Saving Wildlife and Wild Places 2016

Access digital copies of guides and regulations publications from the Nebraska Game and Parks Commission.

Issue link: http://digital.outdoornebraska.gov/i/636900

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Page 6 of 7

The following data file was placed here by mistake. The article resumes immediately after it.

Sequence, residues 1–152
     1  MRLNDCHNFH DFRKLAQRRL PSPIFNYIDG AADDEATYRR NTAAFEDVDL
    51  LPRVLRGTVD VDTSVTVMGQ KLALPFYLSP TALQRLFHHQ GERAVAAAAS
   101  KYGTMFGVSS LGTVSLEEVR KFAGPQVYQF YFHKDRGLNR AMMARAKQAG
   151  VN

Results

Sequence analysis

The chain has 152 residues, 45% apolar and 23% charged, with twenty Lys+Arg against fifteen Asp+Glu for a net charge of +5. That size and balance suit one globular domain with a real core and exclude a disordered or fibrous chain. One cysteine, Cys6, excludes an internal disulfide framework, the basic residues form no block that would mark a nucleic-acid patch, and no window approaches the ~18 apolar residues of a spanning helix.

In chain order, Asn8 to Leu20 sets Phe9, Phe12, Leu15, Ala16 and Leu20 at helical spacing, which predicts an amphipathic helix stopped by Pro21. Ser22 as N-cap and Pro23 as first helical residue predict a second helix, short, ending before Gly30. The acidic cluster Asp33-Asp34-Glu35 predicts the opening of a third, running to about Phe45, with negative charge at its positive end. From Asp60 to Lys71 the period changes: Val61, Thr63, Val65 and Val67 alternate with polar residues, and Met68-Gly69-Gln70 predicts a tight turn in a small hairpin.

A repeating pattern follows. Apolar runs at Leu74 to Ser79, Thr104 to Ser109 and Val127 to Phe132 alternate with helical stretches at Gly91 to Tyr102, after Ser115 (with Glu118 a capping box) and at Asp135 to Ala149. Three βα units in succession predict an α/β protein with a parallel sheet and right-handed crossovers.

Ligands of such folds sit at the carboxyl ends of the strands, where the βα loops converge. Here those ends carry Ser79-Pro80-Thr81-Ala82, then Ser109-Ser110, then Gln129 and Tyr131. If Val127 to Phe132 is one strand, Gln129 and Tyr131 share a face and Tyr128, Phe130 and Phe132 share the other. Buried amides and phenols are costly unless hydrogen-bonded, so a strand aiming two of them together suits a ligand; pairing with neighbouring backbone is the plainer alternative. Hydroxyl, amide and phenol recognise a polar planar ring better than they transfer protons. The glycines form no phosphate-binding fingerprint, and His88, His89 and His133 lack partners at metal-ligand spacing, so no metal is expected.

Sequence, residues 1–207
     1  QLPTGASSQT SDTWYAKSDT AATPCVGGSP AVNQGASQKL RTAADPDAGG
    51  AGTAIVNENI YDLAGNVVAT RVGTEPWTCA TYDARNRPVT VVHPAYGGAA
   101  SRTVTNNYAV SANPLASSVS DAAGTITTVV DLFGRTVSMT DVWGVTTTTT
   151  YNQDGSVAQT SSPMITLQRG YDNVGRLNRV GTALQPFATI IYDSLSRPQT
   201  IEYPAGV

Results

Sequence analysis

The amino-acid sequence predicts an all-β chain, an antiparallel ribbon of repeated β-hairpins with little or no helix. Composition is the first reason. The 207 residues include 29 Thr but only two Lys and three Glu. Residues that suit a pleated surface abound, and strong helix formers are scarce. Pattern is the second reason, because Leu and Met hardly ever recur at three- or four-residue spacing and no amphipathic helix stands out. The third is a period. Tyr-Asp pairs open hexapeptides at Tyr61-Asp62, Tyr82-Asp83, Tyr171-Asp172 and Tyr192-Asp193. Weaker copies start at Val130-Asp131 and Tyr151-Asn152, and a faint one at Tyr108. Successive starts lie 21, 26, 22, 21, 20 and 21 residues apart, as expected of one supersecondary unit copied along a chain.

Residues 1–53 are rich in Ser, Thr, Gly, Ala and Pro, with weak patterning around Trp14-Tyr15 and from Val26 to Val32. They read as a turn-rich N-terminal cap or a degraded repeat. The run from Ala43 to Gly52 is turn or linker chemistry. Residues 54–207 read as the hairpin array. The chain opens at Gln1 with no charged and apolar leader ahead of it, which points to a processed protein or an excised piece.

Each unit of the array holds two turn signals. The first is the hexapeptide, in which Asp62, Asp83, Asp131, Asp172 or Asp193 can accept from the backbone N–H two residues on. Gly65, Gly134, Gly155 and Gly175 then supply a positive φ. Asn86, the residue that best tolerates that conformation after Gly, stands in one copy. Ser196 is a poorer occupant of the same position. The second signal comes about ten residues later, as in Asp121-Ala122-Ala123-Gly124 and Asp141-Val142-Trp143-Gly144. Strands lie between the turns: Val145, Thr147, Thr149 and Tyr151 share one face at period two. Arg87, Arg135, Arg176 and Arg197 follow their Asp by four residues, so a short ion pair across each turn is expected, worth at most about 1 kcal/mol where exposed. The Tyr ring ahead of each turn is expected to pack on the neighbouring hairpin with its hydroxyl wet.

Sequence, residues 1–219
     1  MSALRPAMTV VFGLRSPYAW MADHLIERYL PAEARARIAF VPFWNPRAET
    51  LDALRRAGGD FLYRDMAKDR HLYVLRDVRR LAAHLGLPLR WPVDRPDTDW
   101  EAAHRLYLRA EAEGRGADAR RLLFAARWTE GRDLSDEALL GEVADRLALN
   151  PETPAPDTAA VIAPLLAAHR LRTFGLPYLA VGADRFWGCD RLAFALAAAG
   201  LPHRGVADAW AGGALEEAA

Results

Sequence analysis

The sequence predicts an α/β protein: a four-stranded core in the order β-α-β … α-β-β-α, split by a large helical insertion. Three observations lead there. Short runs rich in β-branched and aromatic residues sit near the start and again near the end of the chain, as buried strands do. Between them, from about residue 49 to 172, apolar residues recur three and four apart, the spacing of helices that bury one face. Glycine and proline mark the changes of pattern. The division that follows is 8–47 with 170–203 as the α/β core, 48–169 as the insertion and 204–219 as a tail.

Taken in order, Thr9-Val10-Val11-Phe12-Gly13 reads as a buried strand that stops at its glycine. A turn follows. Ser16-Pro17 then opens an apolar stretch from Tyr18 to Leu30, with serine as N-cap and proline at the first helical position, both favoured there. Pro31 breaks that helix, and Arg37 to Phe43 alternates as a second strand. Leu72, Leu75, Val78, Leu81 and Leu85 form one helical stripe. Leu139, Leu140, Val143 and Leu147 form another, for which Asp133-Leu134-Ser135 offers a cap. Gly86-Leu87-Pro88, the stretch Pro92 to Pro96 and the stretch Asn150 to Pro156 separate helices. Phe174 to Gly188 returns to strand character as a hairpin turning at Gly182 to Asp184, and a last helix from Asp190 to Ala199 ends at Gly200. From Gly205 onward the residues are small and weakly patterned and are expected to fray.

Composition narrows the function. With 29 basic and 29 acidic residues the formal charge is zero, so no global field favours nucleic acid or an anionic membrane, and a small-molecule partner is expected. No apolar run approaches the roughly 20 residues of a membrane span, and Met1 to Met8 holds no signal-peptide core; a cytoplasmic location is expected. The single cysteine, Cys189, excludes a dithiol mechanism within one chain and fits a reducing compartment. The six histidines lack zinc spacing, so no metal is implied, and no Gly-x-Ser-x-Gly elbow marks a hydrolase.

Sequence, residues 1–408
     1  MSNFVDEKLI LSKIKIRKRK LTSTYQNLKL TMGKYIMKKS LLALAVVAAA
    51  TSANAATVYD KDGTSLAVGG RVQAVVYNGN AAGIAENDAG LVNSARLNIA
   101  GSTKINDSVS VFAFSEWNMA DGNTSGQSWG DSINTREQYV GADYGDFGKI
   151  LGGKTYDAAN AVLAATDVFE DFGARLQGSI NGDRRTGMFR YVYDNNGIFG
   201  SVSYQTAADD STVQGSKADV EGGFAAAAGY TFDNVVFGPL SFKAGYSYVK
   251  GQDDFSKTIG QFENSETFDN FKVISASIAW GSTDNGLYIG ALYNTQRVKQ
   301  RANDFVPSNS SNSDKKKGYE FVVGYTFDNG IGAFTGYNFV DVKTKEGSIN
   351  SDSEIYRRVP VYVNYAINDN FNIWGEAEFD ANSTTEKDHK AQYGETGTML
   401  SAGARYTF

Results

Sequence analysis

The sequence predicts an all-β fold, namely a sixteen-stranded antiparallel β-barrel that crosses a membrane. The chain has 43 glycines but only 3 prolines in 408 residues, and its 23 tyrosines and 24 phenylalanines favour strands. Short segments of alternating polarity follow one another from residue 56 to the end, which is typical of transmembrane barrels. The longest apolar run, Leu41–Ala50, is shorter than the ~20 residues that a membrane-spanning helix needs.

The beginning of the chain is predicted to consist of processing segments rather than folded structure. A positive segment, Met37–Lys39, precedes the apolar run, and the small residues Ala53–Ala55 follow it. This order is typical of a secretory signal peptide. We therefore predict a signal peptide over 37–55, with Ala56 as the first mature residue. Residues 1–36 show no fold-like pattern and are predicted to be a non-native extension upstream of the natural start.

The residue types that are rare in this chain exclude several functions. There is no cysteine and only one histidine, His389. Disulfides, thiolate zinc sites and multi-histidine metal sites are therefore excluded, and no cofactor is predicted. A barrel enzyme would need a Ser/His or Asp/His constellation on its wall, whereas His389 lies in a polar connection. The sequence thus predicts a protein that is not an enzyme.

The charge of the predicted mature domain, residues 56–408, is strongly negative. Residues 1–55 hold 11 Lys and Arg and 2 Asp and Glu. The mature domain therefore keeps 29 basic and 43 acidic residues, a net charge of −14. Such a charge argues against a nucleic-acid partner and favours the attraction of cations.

hen people go out into the "wild" – whether in their backyard, a state park or a drive in the country – what do they actually see? Are they looking actively for wildlife or just enjoying the walk or drive? Believe it or not, it is real easy to see animals in their natural habitat going about their daily routine. All that needs to happen is to look for things that do not belong or seem out of the ordinary. When walking through the forest, park or even looking in the backyard, one may notice out of the corner of his or her eye something that does not seem right. This is the moment to turn and focus attention in that direction. There is an excellent chance to see something otherwise unnoticed. Always be aware of what the surroundings have to offer. When people consider entering the secretive world of wildlife in its natural habitat, it is more than often a question of "How do I get the most out of spotting and viewing wildlife wherever I go?" Shy wildlife can be hard to find. However, each year we offer Watchable Wildlife small grants to many entities, which are designed to enhance peoples' viewing experiences and to get folks involved with and connected to wildlife around them. The grant program is also meant to lead to further appreciation of wildlife the state of Nebraska has to offer and to promote ecotourism opportunities in rural areas, which helps booster the local and state economy. With the help of the watchable wildlife grant program, several wildlife viewing blinds have been built throughout the state to facilitate and enhance people's experiences in viewing numerous Nebraska wildlife species. The structures used were made in several different ways from converted material to newly built structures and ADA-accessible blinds. Red Willow County in southwest Nebraska hosts an annual Chicken Dance Festival using such blinds. Since 2013, they have been host to visitors from New York, Idaho, South Carolina and Germany, among other locations. The ADA accessible blinds have made it possible for all people to enjoy the sights that the festival has to offer. Several more pictures and information can be found on the festival's Facebook page: http://www.facebook. com/PrairieChickenDanceTours/. Through the use of blinds, such as these in Red Willow, the public is able to view Greater Prairie-Chickens "dancing" in leks (or groups of males) not usually seen at such close proximity. The public also is able to appreciate the animals in their natural habitat without disturbing the animals' normal activities. Having educational opportunities such as these has brought sightseers from around the country and world into some of the smaller communities in Nebraska. ✔ By Adam Jones, Watchable Wildlife Biologist, Nebraska Game and Parks Commission Viewing from a Distance PHOTO BY CAROL SCHLEGELRS ti l f ildlif hen – w par what do they a W 7 PHOT PHOTO BY O BY CAR CAROL S OL SCHLE CHLEGELR GELRS ADA accessible trailer converted into a viewing blind to help everyone enjoy spectacles such as the "Chicken Dance" Visitor's at the Red Willow Prairie Chicken Dance Festival enjoying the Dance of the Birds. Greater Prairie Chickens "dancing" in a lek working to attract females. PHOTO BY KEN AND MARY CAMPBELL

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